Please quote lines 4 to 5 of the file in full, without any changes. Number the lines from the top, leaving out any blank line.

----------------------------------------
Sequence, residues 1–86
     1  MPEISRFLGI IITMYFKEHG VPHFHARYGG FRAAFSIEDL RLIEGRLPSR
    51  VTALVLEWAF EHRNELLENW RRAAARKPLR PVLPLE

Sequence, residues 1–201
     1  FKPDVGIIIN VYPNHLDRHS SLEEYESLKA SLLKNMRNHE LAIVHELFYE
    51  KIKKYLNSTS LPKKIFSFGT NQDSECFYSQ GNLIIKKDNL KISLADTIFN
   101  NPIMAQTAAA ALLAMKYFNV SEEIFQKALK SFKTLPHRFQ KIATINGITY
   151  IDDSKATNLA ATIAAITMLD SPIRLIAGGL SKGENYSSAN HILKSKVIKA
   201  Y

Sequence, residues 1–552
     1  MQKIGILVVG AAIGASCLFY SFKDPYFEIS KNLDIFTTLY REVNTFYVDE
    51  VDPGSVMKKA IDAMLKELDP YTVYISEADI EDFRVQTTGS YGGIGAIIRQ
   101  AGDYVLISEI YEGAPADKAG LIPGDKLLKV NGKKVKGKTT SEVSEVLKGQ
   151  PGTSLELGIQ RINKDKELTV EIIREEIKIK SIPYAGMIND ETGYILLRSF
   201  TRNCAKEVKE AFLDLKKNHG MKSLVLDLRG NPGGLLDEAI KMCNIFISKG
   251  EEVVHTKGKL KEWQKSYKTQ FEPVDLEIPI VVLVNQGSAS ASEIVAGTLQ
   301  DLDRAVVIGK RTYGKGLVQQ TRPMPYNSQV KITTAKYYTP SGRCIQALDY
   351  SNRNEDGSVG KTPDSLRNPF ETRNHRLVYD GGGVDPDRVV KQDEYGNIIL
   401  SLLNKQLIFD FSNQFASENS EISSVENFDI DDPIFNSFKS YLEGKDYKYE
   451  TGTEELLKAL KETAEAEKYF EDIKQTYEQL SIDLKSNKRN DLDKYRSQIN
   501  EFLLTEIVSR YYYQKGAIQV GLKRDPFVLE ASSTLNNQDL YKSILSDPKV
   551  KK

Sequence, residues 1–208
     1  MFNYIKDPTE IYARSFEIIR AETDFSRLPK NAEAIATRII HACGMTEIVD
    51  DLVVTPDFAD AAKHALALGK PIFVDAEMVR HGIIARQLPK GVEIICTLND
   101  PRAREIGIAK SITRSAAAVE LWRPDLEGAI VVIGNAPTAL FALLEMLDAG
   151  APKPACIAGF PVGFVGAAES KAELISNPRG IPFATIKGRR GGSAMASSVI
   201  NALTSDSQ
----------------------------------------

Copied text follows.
Sequence, residues 1–201
     1  FKPDVGIIIN VYPNHLDRHS SLEEYESLKA SLLKNMRNHE LAIVHELFYE